Fairfax: Learning from Superchefs

Fairfax: Learning from Superchefs

Meet the chefs at 21 Great American Bistro.

Joseph Nguyen

Joseph Nguyen Photo contributed


Jaime Velazques

When two talented and energetic friends plan a venture, success is the likely outcome. Such is the case with these two chefs, Joseph Nguyen and Jaime Velazques who, about 10 months ago, opened a classy yet casual eatery in Fairfax called 21 Great American Bistro. What makes this restaurant stand out can be summed in just several words: fabulous food.

One of the offerings that has gained prominence—and it is great American bistro food—is the chefs’ hamburger, formed from natural Black Angus beef, comes as a stack with lettuce, tomato, onion, bacon, and mushrooms, all stacked on an olive oil bun. “We like to watch how people eat this,” said Nguyen. That’s easy for them to do, because the duo have a large kitchen window that looks right onto the dining room.

So how did all this come about. Both men have spent their entire careers working in high-end restaurants for superstar chefs. “I have been in the industry for 24 years,” said Nguyen. “I worked with Jean Louis Paladin at the Watergate and graduated from the American Culinary Federation (ACF),” where he worked for seven years in the kitchen and three years as the pastry chef. “I trained under Jean Louis and the Watergate Hotel program paid for my education,” he said. Nguyen then moved on to work in the kitchens of many different hotels in Washington and in Atlantic City, particularly in a casino hotel that had 14 restaurant outlets.

OWNING his own restaurant had always been his life’s goal. Fortunately, he met Velazquez about 12 years ago. Back then, they both discussed having their own business someday. Then two years ago, Nguyen called Velazquez, and they decided to take on this adventure.

As Velazques explained, the two came from very different backgrounds, and very different situations. “I worked at Le Provencal (a now-closed D.C. restaurant) under Jacques Blanc,” he said. “I then went to Old Town Alexandria to work at Provence with Yannick Cam,” he said. “And I worked with Michel Richard at Citronelle. Michel Richard and Jean Louis Paladin were such good friends. And I attended the French culinary school in Bethesda, which is now L’Academie de Cuisine.”

With such august training, it is no wonder that these two chefs from such differing backgrounds and cultures became such good friends that they decided to become business partners as well. Nguyen had the task of devising a menu. To do that, he said, he studied the Fairfax marketplace to understand the competition. “I needed our concept to focus on fresh ingredients and high quality food,” he said. That way patrons could come to the restaurant to enjoy city food without going into D.C. That way people can have quality food in a casual setting.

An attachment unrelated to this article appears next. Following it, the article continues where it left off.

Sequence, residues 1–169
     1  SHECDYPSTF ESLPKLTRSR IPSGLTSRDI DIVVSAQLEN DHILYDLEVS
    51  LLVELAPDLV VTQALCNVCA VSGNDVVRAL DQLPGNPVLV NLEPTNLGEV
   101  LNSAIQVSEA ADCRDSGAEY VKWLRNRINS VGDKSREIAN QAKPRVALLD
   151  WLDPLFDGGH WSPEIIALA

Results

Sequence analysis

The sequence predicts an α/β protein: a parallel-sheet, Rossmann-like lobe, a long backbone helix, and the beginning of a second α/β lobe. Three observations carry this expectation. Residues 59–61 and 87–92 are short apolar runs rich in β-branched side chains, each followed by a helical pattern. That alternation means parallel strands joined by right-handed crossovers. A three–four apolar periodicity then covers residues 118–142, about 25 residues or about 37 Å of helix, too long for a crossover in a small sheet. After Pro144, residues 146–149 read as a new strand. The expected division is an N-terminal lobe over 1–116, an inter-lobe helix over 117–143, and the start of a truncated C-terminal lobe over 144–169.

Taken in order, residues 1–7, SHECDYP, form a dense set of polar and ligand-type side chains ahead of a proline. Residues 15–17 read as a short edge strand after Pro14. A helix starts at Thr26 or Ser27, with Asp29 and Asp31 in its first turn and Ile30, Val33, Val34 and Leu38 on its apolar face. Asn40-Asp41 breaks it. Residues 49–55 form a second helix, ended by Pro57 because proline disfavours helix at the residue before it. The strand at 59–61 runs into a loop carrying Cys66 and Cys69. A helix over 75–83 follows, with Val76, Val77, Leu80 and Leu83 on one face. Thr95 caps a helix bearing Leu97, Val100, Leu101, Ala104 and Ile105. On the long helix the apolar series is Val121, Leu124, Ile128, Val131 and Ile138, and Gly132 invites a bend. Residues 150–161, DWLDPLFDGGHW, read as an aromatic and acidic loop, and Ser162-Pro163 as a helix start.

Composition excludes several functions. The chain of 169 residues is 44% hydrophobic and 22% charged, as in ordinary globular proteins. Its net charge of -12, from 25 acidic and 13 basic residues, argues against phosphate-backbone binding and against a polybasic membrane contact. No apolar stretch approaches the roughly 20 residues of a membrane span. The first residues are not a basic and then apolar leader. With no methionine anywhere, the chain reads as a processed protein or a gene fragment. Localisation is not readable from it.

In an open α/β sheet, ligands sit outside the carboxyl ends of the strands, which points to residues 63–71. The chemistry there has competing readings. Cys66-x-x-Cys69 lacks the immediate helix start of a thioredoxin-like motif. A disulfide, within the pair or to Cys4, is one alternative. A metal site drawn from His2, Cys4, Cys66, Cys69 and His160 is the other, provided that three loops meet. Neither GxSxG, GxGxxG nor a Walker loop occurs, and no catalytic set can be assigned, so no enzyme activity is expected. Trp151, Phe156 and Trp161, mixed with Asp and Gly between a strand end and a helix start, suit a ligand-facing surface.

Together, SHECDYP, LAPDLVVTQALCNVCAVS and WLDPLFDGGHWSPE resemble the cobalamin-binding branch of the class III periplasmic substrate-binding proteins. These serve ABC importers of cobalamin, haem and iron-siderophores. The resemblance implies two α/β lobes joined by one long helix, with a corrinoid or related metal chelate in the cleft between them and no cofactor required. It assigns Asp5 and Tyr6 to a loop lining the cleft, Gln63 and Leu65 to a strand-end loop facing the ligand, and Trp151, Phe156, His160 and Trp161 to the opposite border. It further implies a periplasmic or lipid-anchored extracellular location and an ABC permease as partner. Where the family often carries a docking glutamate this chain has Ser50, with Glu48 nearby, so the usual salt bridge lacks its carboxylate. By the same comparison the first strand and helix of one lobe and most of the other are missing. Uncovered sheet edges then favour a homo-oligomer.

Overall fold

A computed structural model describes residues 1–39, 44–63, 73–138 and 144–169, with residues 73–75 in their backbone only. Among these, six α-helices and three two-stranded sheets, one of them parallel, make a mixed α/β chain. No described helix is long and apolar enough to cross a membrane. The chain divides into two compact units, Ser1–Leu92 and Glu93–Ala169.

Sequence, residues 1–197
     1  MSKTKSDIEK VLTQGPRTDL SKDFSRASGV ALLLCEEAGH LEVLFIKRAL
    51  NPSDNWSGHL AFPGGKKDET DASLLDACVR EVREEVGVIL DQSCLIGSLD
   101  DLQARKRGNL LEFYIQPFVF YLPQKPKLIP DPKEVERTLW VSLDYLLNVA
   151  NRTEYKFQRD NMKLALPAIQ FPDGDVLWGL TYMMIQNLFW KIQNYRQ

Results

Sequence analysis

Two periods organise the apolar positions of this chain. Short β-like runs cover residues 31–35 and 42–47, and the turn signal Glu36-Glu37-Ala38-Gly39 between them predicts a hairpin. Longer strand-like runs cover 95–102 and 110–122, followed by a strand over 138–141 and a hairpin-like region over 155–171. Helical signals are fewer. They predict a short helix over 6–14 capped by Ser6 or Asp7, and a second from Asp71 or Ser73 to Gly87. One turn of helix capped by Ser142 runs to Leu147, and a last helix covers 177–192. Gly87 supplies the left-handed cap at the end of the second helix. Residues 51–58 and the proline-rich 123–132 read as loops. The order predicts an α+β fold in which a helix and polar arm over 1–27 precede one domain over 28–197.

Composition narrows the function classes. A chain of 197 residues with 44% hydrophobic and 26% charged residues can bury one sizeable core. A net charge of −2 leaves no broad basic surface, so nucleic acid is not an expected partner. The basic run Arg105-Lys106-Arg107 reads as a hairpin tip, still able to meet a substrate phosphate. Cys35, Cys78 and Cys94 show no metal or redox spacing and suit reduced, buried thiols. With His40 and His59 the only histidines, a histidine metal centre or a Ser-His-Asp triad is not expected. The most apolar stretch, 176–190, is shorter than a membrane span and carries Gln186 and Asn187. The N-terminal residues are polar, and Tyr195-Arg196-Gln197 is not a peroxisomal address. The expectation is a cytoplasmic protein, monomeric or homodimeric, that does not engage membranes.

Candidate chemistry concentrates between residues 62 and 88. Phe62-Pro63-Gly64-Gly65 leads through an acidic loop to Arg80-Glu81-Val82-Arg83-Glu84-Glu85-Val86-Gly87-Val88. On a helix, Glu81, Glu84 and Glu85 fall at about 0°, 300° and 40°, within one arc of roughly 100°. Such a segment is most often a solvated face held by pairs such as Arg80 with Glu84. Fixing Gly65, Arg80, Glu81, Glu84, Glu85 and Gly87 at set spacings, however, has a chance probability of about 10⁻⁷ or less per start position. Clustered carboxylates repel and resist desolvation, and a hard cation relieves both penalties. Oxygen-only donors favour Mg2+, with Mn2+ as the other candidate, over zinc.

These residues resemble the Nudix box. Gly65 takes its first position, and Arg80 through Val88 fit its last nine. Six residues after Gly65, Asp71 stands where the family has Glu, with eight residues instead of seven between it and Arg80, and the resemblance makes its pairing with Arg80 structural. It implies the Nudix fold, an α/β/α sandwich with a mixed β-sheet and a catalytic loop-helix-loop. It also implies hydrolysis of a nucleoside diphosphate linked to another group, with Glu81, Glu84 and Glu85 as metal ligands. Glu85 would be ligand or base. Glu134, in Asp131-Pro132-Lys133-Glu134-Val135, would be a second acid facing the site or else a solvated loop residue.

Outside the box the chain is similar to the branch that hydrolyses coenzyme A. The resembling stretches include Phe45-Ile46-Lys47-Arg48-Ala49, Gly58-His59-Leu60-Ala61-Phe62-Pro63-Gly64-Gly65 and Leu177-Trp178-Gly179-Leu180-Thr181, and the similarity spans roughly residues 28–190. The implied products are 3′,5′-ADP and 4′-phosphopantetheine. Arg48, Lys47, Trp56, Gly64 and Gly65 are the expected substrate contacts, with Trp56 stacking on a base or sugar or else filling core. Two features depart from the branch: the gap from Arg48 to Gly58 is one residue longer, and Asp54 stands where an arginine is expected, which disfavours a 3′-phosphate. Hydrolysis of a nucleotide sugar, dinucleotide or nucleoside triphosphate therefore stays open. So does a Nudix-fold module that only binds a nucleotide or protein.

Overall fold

AS IT HAS TURNED OUT, the chefs say that 65 percent of their customers are repeats and that the city of Fairfax has been very supportive, with town dignitaries and lawyers often showing up for meals from a menu that blends American, French, Latino, and Mediterranean dishes.

And surely all patrons walk out pleased. After all, Nguyen and Velazques work six days a week, 14 hours a day, and have only one other chef, José Benitez, who has worked under Nguyen for the last 20-plus years learning all aspects of the culinary world. “That is our kitchen staff,” said Nguyen. “I want all the food clean and consistent every day. After all, the best food comes from fresh ingredients, great creativity, and a touch of the arts of culinary.”

And why the name 21 Great American Bistro? Well, he said, there are loads of bistros around.”And since I play golf, I just picked the number ‘21’ out of the air.”

21 Great American Bistro, 10427 North St., #102, Fairfax. Phone 703-591-0146. Hours: Lunch and dinner, Monday-Saturday

Chef Joseph Nguyen’s Chocolate Mousse Cake

Serves 6 to 8

Chocolate cake:

1 cup all-purpose flour

1 cup sugar

1/4 cup unsweetened cocoa powder

1 teaspoon instant coffee

1 teaspoon baking powder

3/4 teaspoon baking soda

1/2 cup milk

1/4 cup regular mayonnaise

1 egg

1 teaspoon vanilla extract

1/2 cup boiling water

Simple Syrup

1 cup sugar

1 cup water

2 tablespoons Meyer’s rum

Nutella Mousse

2 cups Nutella

1 cup heavy cream, whipped

Ganache for glaze

1/2 cup heavy cream

1/2 cup semi-sweet dark chocolate

Preheat oven to 350 degrees. Grease a 6-inch cake pan, and set aside.

Combine the flour, sugar, cocoa powder, instant coffee, baking powder, and baking soda in a bowl, stirring to mix well. Add the milk, mayonnaise, egg, and vanilla extract. Beat using a stand mixer until well combined. Reduce the speed. Add the boiling water, and beat on high speed for ½ to 1 minute.

Bake for 25 to 30 minutes, or until golden.

Meanwhile, prepare the simple syrup by combining the sugar and water, and bringing it to a boil until the mixture thickens slightly. Remove from the heat, and cool. Stir in the rum.

To make the Nutella Mousse, fold the Nutella carefully into the whipped cream until well combined.

To assemble the cake, split the cake in three layers, brush with flavored simple syrup and layer Nutella mousse on first layer and second layers. Leave the third layer plain, and refrigerate the cake overnight.

Before serving, bring the cake to room temperature. To make the glaze, boil the heavy cream, and stir in the semi-sweet dark chocolate. Let cool, and drizzle the ganache glaze over top.